Then there is the dark side of patents involving litigation, astronomical litigation expenses, enormous risk, and patent trolls. This is like a bad horror movie, only real. So the bottom line in this proverb is to repeat the first rule of the minimalist inventor:
Don't fall in love with your own invention....
Gather some hard, objective information before taking the next step of filing a patent application.

*based on information posted on the internet. This is an unverified estimate

Patent Application Strategies
Without a defined patent strategy you may be simply idling with the motor running. At minimum, you must have an idea or rationale for filing a patent application. It is not enough to simply file a patent application without any understanding of what a patent can and cannot give you.  Having a well defined, articulated patent strategy is best, because it gives you a roadmap to move forward with your project. Below are a few examples of snippets of patent strategies you may use for developing your own patent strategy.

The Defensive patent:

Filing a patent application is the best, if not the only way, to prevent a subsequent patent from being granted to a competitor, who might use it against you. The rationale is simple. If you have a jump on the competition, you might do well in the marketplace without a patent, if no one else can get one for the same invention. But patent examiners are only human. In a prior art seach they must conduct during the prosecution of your competitor's patent application, they may easily miss any reference to your earlier invention, and grant a patent to your competitor. This later patent would undoubtedly be invalid in any test case, but it would be up to you to sue for infringement and prove that the later patent is invalid. Such an action would take the wind out of the sails of any struggling start-up. So, place your prior art directly under the nose of the patent examiner by filing your patent application first, then making sure that the whole world knows about your invention by publicizing it. Do not leave any room for an inexperienced, or overworked patent examiner to grant a patent to a future infringer of your earlier patent.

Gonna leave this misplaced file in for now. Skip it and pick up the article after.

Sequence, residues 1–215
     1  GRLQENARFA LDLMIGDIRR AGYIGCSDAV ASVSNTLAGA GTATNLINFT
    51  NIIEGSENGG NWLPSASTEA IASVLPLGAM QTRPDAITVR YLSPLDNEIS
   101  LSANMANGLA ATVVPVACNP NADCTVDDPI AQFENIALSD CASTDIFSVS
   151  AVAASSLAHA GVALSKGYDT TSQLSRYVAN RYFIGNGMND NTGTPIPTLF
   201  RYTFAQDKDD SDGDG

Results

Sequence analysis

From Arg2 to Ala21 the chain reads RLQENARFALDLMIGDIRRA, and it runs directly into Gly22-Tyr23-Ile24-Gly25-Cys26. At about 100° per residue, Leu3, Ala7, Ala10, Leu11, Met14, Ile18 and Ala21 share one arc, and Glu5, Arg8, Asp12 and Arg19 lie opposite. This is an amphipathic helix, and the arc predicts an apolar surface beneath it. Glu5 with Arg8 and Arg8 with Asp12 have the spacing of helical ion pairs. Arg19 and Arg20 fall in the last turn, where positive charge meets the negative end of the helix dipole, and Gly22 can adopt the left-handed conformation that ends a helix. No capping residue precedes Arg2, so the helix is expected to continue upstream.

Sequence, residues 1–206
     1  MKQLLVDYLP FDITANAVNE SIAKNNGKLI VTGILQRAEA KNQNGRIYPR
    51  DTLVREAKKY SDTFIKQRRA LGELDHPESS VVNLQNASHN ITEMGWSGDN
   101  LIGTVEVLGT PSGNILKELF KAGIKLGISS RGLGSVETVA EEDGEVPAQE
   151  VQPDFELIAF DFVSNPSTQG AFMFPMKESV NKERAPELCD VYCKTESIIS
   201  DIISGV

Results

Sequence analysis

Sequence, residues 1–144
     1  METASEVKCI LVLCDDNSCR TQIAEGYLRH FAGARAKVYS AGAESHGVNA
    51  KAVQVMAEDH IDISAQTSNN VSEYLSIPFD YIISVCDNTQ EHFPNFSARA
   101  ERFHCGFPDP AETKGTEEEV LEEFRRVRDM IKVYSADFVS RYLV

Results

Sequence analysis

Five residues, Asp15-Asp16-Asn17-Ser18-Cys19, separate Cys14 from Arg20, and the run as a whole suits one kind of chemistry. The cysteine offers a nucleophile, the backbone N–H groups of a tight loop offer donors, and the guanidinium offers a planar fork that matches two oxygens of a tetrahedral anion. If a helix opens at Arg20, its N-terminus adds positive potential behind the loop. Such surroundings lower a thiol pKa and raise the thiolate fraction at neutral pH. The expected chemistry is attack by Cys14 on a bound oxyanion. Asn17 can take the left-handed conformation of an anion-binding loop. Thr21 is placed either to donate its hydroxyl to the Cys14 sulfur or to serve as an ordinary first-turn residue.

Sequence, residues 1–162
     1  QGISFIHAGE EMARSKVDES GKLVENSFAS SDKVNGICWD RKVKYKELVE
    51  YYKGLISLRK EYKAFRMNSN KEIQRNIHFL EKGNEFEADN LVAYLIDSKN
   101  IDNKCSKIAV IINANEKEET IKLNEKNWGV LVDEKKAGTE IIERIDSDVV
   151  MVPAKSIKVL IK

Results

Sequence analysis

The "Just in Case" patent:

You have an invention, but have concerns about its market value, its patentability,  its technical viability,  or any number of issues that give you a feeling of uncertainty, but do not want to simply drop the  ball and allow for the possibility of losing your proprietary rights.
Such a case is designed for a "just in case" patent application, in which you hedge your bet, file a provisional patent application at minimal cost, and proceed to develop and monetize the invention
The "just in case" patent is best when its cost is at its rock-bottom low, by doing it yourself.

 The Strategic patent

Filing a patent application, particularly a provisional patent application can be part of an overall strategy whose purpose is to give the startup company an all-important time slot in which to roll out a monetizing process, allowing to gain a market foothold relatively unencumbered by well-financed competitors. Allowing the provisional application to expire, or launching a corresponding utility application whose primary purpose is to ensure that the disclosure (the essence of the invention contained in the application) is brought before the officials in the patent office, and disclosed. The patent application may be deliberately abandoned, once its contents have become public record. The invention then falls into the public domain, ensuring that no one can then obtain a patent on the same subject matter, and prevent our new start-up from pursuing its business.

Defending a patent, once issued, against competitors with deep pockets can be a devastating experience which can unravel a newly formed company. Therefore, alternatives which bypass litigation become the best hope for surviving an assault by competitors.

The Patent Portfolio